Average grafts required (temple): 1,800-2,500
Average grafts required (crown): 1,500-1,700

Stage 7

Norwood stage 7 hair loss

This is the most advanced stage of hair loss according to the Norwood scale. There is typically just a band of hair remaining around the sides and back of the head. The top of the head is almost completely bald if not covered by sparse hair. By this point, it may be too late for a hair transplantation procedure, though there have been some successful examples of completely bald hair transplants.

Average grafts required (temple): 2,500+
Average grafts required (crown): 1,700+

How do trichologists use the Norwood scale?

When you have a hair loss consultation, a trichologist will examine your hair and scalp to determine the cause and extent of your hair loss. The Norwood scale is a vital tool for diagnosing the level your hair loss.

At a basic level, a trichologist can use the Norwood scale to determine the current stage of your hair loss. This enables them to recommend hair loss treatments for your existing hair loss. If you’re diagnosed with hair loss in the early stages (usually 2 or 3) your trichologist may recommend  or topical solutions like Minoxidil to retain the remaining hair and promote healthy hair growth.

The Norwood scale can also be used to predict how your hair loss will progress through each scalp zone:

Information graphic showing how many grafts are needed to restore hair lost

Male pattern baldness is largely hereditary, so in conjunction with knowledge of your family history, a trichologist can use the Norwood scale to suggest where your hair loss will stop [4]. This enables you to plan for your potential future hair loss. You can reduce current shedding, stimulate hair growth, and prepare for a future hair transplant if necessary.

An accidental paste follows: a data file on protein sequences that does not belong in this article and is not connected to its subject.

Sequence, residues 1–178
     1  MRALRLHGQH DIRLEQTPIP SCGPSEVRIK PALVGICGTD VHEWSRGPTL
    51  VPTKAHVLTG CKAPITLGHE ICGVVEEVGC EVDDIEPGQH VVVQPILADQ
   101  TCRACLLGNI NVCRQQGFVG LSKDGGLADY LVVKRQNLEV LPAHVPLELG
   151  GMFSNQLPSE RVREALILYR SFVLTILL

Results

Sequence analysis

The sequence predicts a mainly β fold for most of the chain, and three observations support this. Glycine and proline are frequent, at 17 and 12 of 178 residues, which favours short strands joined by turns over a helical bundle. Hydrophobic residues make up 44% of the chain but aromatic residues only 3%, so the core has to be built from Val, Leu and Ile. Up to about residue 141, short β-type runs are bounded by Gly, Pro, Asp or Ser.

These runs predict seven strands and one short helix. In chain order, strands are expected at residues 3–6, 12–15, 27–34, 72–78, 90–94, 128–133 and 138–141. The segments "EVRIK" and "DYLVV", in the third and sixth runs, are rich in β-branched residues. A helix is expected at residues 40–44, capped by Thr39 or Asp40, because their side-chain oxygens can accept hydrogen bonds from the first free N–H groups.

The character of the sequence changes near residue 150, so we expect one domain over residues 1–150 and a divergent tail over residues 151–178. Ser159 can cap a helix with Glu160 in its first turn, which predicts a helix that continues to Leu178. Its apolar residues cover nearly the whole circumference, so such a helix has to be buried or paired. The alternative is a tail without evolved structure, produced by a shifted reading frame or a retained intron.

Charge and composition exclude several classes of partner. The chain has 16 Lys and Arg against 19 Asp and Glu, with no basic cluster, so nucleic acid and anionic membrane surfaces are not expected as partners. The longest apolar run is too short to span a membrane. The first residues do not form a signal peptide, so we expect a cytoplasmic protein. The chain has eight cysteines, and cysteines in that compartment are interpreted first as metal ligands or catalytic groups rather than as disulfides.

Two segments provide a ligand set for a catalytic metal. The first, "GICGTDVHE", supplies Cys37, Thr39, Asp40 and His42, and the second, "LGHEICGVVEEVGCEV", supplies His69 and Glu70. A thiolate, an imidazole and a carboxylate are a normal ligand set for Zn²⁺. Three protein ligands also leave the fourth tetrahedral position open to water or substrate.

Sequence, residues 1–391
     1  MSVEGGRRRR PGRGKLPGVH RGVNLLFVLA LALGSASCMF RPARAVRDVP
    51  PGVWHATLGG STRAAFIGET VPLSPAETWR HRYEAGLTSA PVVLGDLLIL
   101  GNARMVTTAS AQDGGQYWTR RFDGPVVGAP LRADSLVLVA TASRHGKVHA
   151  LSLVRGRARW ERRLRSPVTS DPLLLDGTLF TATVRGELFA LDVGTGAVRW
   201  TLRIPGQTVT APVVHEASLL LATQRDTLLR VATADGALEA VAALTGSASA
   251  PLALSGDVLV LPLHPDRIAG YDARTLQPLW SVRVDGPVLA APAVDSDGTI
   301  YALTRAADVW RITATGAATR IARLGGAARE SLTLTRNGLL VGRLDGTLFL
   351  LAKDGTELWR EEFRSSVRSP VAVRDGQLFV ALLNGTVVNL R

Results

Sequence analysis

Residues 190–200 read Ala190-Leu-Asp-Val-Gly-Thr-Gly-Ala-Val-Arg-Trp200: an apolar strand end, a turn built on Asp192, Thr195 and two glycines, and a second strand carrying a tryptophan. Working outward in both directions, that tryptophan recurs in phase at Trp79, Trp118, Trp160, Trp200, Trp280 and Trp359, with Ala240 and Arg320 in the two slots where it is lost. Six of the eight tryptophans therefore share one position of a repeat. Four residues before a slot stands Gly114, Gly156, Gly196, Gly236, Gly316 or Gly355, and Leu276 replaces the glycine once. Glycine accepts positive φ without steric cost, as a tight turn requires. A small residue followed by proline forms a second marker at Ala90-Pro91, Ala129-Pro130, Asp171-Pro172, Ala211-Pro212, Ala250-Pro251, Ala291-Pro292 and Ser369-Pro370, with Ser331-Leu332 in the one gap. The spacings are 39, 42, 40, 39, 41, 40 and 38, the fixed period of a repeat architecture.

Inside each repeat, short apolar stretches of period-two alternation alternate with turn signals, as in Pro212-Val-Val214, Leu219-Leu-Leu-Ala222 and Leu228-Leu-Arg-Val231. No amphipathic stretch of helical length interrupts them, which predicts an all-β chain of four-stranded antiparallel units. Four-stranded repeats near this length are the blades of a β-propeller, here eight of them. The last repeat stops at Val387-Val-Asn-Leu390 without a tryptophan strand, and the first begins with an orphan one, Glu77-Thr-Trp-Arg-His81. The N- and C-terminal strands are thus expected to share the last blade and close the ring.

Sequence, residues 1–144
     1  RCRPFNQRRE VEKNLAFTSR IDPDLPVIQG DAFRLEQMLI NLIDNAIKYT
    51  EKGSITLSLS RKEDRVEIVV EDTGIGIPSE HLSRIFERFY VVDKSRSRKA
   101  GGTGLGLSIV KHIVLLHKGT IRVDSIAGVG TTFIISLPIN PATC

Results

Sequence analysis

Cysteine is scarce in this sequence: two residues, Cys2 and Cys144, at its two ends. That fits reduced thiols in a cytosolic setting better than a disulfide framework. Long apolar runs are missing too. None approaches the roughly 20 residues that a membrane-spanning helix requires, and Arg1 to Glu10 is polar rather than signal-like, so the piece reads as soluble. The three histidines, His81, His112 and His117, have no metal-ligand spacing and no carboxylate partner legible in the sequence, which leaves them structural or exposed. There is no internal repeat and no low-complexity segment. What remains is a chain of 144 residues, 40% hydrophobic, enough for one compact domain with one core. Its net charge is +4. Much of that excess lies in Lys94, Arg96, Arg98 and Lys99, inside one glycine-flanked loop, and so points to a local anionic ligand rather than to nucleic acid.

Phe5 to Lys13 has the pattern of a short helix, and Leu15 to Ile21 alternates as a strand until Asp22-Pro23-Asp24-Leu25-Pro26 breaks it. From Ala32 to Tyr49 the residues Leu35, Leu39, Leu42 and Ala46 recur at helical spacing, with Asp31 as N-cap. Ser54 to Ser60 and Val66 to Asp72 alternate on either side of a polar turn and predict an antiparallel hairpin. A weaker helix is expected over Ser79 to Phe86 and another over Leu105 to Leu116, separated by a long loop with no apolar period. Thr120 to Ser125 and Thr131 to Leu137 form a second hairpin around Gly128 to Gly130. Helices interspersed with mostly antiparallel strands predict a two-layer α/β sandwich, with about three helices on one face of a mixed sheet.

Trichologists can only use the Norwood scale to make diagnoses and predictions based on male pattern baldness. It can’t be used for female pattern baldness (the Ludwig scale is often used for this) or temporary hair loss like telogen effluvium [3].

Norwood Scale FAQs

No — the ultimate extent of your hair loss largely depends on your genetic predisposition to male pattern baldness, as well as the levels of dihydrotestosterone (DHT) in your body. So even if you progress to stage 4 or 5, you may never progress to Norwood stage 7. If you’re worried about the rate at which you lose hair, talk to a trichologist.

No. Some people — typically those with Norwood stage 1 or stage 2 hair loss — don’t have enough hair loss to be eligible for a hair transplant. Instead, non-surgical methods are used to preserve hair and stimulate natural hair growth.

On the other hand, it may be too late for a hair transplant if your hair loss has progressed to stage 6 or 7. If you don’t have enough healthy donor hair to fill in your balding areas, a hair transplant may be unsuccessful. That’s why it’s important to get advice from a reputable hair transplant surgeon early, so you can manage your hair loss and preserve your donor hair follicles.

Yes! While no treatment is guaranteed to be 100% effective, there are many non-surgical hair restoration methods available that offer excellent results, such as laser hair regrowth. These are often recommended if it’s too early for you to get a hair transplant.

One study found that Finasteride prevented further hair loss in 83% of participants with male pattern baldness [5]. In a separate study, 62% of patients reported that the areas affected by hair loss had grown smaller thanks to the use of Minoxidil, while 35% said they had lost no additional hair [6].

While the Norwood scale is a very popular way to diagnose male pattern hair loss, some researchers suggest it can only be used to classify patients in a very broad way that’s unhelpful for modern surgeons [3] [7]. With technological advances in computer-assisted hair density measurements, there may soon be a more accurate way to define and predict hair loss patterns in men [7].

At which Norwood stage should you seek hair loss treatment?

No matter which Norwood stage you’re at, if you’re worried about your hair loss, you should seek help from a professional trichologist. In many cases, the earlier your hair loss is addressed, the better — tackling the problem early can minimise or even prevent the need for hair transplants.

If your hair loss is advanced, you may still be eligible for a hair transplant. Get a free hair loss examination at the Wimpole Clinic to find out if a hair transplant is right for you.

Norwood Scale: Causes, Stages & Treatments, Wimpole Clinic

Dr. Michael May (FRCS)
Medically reviewed by Dr. Michael May (FRCS)Updated on March 1, 2024
The Wimpole Clinic offers FUE Hair, Beard & Eyebrow Transplants & Trichology.
Talk to a specialist ☎ 020 7935 1861.

Book a consultation

Simply fill in your details in the form below and we'll get in touch with you shortly.